Dear Rabbi Fried,
I spent years as a devotee of Transcendental Meditation and was recently challenged by an old friend why I have traveled so distant from our own religion and why don’t I seek my spirituality from the religion of my ancestors, Judaism. My response was that I’ve been Jewish all my life and attended High Holiday services, etc., and never found anything spiritual about it. My friend’s rebuttal was that I never checked into it as an adult and have been sidestepping the issue based on my impression as a kid. Perhaps if I’d look into this as an adult with fresh, new eyes I would find deep spirituality in Judaism. That’s the nutshell version of our discussion. Since then, I’ve spoken with a number of somewhat educated Jews, and nobody has pointed me to anything that smacks of meditation or the like within the framework of Judaism. Before I give up, it was suggested to me that I reach out to you to see if you can say anything redeeming in this direction, if not, I rest my case.
Your question reminds me of a sobering conversation I had with an old friend in Indianapolis some 45 years ago when I was home for summer break from my yeshiva studies. I asked my friend, who often pursued interesting paths, what he’s into these days. His response, he’s gotten involved in Zen Buddhism. When I asked him what about pursuing spirituality in Judaism, he retorted that he’s been doing that since he’s a kid and there’s nothing spiritual there.
So, I know from that conversation and much of what I’ve read and heard from many, that your question is not an uncommon one. Perhaps if the rich, meaningful spiritual message which pervades traditional Judaism was made known to young Jews, many more would be happily seeking and finding deep spiritual experiences within their own heritage and traditions, rather than entering “foreign territory.”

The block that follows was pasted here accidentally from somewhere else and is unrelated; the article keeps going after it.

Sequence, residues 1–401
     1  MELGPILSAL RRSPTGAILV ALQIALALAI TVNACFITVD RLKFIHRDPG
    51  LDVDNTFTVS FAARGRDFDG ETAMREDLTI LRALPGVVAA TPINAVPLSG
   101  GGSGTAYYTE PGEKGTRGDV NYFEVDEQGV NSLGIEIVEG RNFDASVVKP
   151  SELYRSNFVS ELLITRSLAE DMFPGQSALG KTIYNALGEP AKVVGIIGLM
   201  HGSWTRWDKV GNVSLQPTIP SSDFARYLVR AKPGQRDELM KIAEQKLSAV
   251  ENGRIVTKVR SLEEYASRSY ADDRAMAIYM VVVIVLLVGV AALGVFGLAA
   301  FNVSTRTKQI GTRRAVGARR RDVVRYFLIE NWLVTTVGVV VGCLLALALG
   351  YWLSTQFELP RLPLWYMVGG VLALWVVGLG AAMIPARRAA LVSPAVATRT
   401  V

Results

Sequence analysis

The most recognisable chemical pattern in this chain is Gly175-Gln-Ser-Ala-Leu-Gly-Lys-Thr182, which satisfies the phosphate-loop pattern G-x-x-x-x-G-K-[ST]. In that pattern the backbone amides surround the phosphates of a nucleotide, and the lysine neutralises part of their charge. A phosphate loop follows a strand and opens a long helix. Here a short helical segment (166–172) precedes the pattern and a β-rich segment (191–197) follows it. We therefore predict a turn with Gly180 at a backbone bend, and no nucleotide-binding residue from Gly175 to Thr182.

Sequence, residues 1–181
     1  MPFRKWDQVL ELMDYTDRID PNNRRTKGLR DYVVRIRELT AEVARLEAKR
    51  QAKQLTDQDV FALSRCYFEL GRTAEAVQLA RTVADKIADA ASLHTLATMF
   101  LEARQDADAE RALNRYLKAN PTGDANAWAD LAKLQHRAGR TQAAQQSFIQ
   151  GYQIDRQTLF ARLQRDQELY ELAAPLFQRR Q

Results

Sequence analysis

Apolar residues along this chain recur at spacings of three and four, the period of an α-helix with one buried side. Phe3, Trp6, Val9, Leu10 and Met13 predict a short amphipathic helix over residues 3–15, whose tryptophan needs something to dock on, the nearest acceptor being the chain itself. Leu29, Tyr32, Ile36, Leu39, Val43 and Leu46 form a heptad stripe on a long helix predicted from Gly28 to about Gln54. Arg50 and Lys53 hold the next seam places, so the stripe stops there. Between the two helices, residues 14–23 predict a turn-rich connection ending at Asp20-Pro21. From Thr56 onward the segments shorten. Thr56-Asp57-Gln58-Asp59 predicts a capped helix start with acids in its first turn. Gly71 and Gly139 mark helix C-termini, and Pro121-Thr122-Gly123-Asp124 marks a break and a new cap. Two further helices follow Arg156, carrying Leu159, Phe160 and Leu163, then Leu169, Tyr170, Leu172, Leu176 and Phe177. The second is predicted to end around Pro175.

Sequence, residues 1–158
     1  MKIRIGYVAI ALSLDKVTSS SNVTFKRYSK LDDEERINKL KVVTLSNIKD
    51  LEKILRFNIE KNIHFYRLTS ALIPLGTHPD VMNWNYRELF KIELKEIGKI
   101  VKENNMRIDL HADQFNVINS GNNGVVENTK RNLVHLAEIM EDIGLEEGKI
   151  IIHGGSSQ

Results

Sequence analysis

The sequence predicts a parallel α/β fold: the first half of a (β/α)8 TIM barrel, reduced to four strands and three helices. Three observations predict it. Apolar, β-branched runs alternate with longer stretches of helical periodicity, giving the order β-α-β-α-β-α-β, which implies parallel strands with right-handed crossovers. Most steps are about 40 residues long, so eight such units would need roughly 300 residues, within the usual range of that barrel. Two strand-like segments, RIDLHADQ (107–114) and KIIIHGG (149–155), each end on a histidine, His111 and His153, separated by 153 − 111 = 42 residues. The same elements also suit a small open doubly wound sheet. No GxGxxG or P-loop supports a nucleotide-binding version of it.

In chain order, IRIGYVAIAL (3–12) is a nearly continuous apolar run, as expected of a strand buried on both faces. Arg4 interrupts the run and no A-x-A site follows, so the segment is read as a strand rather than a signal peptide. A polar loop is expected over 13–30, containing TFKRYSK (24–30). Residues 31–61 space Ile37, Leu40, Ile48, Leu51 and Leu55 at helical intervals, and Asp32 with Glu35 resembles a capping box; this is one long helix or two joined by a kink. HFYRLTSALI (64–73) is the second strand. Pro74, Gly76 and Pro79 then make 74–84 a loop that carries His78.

Truth be told, traditional Judaism is laden with the deepest, most profound spiritual dimensions. Deep meditations are part and parcel of many of our prayers and rituals.
Meditation, by and large, consists of thinking in a controlled manner (a task easier said than done). It is, at times, working on controlling the conscious and unconscious minds and their inner conflicts, knowing that at times we seem to have separate, competing minds. This idea is discussed at length in the classical work of Jewish philosophy, the Tanya, which instructs us how to, through deep meditation, achieve self-mastery and control. This is the goal of many of the most important schools of meditation and here we find it deeply imbedded in Judaism.
Another goal of Transcendental Meditation and other forms of meditation is “knowledge of the self.” The goal includes self-knowledge without ego, with a high state of objectivity. This is a key focus of Mussar. Mussar is an area of study within Judaism which espouses some of the most profound levels of meditation on a particular Torah thought. The thoughts, or quotes, are chosen with a focus upon self-improvement in certain areas which allow one to transcend one’s physical existence and become one with that thought or teaching.
We are barely scratching the surface of the spirituality within our tradition. Perhaps we’ll devote the upcoming columns to investigate your question further, for the benefit of the many readers who, undoubtedly, share your feelings.
Rabbi Yerachmiel Fried is dean of Dallas Area Torah Association.